In a FINRA Arbitration Statement of Claim filed in February 2019 associated  person Henningson sought the expungement of a customer complaint from his Central Registration Depository record ("CRD"). Respondent Cetera Advisor Networks did not oppose the requested relief.  The customer did not opposed the requested relief and did not participate in the hearing. By Order dated May 18, 2019, the sole FINRA Arbitrator confirmed a Joint Stipulation and Proposed Order pertaining to liability, damages, discovery, and confidentiality as submitted by the parties. In recommending expungement, the Arbitrator made a FINRA Rule 2080 finding that the customer's claim, allegation, or information is factually impossible or clearly erronoeous, and false. The Arbitrator offered this concise and compelling rationale:

The Customer was one of the joint beneficiaries of her father's estate which included an annuity from "The Hartford". The Customer and her sister were joint and equal beneficiaries of this annuity. The Customer's father died in 2008. The Customers' sister rolled her portion of the inherited annuity into a "beneficiary annuity" or IRA. The Customer elected to take a cash settlement for her share. Later in the year (October 10, 2008), the Customer filed a subject complaint with Respondent indicating that she was not informed that she "had 60 days after taking lump sum distribution on her father's annuity accounts . . . to reverse the decision." The statement placed on the Claimant's form U4 states the allegation as "client alleges that the rep failed to discuss transfer of deceased account to a tax favorable account in January 2008. 

Claimant met with the Customer and her sister twice after the passing of their father to discuss the distribution of their inherited assets. These meetings were held on January 10 and 15, 2008. Testimony indicates that Claimant discussed options for minimizing tax consequences that could occur by cashing out the inherited annuities, and he recommended options for reinvesting the assets to minimize tax consequences. Claimant provided the Customer and her sister documentation to transfer the annuities to beneficiary annuities with The Hartford. Claimant also advised both the Customer and her sister that they should consult with a CPA or Tax Attorney prior to making any decisions.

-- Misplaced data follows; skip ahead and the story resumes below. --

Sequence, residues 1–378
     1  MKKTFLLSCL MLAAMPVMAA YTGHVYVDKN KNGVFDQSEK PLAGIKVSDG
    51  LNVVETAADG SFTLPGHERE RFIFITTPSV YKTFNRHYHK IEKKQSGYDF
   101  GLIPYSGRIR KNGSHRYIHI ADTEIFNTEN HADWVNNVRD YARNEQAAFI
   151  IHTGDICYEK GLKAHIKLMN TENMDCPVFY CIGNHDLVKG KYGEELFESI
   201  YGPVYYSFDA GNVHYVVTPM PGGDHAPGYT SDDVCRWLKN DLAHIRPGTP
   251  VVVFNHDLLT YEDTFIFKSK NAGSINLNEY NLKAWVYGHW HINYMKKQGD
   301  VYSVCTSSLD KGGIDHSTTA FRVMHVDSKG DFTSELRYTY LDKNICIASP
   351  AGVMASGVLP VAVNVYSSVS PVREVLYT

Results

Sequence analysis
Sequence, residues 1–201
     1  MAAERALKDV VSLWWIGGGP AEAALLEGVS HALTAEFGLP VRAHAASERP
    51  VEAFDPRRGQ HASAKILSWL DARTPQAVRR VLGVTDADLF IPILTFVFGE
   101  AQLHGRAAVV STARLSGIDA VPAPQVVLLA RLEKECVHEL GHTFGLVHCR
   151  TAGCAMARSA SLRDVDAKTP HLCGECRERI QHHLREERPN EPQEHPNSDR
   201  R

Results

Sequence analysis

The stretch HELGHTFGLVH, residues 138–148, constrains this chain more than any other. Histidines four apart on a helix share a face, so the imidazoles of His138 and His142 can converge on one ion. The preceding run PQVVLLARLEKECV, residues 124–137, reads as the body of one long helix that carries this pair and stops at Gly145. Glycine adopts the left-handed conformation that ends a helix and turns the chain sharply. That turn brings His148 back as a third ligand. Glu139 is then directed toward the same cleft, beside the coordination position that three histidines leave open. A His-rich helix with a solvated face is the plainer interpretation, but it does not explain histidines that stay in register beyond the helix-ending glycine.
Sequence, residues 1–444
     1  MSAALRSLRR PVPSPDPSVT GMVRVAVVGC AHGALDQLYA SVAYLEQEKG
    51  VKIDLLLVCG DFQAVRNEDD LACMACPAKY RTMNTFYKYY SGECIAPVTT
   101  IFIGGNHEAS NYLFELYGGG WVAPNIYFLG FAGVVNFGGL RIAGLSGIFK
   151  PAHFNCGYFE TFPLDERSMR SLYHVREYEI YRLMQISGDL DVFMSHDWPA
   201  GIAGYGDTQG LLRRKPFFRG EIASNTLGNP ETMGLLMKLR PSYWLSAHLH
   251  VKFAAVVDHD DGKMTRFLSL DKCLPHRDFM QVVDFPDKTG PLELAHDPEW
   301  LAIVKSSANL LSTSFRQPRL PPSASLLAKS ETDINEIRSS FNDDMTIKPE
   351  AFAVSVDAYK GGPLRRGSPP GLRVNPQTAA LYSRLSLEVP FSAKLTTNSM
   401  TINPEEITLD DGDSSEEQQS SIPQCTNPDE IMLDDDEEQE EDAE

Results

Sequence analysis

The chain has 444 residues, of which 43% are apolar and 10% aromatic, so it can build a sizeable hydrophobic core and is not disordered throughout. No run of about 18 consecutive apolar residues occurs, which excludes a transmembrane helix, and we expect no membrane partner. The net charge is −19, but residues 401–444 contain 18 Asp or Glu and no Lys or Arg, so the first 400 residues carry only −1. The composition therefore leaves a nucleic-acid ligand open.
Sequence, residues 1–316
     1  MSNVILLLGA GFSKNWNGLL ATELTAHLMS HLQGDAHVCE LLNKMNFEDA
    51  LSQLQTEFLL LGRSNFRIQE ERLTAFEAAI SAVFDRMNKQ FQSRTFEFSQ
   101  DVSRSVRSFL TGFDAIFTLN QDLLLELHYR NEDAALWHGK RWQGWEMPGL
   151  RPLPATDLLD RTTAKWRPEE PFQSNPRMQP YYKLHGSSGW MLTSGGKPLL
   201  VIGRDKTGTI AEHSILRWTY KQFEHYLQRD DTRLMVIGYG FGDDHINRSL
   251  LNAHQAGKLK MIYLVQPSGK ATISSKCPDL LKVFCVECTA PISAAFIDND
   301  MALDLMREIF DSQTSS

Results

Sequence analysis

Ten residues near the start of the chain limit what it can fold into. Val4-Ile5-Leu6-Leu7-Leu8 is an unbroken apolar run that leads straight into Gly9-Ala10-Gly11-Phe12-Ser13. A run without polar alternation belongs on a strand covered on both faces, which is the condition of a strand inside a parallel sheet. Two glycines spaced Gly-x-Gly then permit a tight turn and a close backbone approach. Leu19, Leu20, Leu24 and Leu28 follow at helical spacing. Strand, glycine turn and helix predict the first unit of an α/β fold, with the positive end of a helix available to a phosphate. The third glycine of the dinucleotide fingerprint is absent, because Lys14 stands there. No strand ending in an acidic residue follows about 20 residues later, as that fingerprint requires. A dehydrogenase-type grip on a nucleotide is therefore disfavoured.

The Customer's sister followed Claimant's recommendations, but the Customer decided to cash out her share of the inherited annuities with The Hartford. Claimant indicated during oral testimony that he was not involved with the Customer's filing the necessary application with The Hartford to receive a cash out payment. He further indicated he was not aware of any issues the Customer had until her complaint letter was filed in October 2008. 

The Customer was made aware when she completed The Hartford request for a lump sum payment that there could be tax consequences and that the decision to receive a lump sum payout was final and not reversible. The second sentence of the application form for lump sum payment indicates: "Please note that this will be reported as a death distribution to the IRS and may have a taxable portion". The Customer also elected to not have any federal taxes withheld as part of the payout that was an available option. The lump sum payment form also clearly states that once the payment has been made it is not reversible. 

Respondent investigated the Customer's complaint and concluded it was unmerited and denied the claim. The Customer did not file any further legal action after Respondent denied her claim. The Customer elected not to provide oral or written testimony at the hearing. 

Xiaosong Wang and Jiali Wang were charged in the United States District Court for the District of Massachusetts with one count of conspiracy to commit securities fraud. As alleged in part in the SEC Release, the Defendants and others: 

conspired and engaged in a coordinated stock manipulation scheme that artificially influenced the prices of publicly traded securities by making others in the market believe that there was trading interest and activity in particular stocks.  In reality, no such interest or trading activity existed, and the defendants profited from the price movements they caused.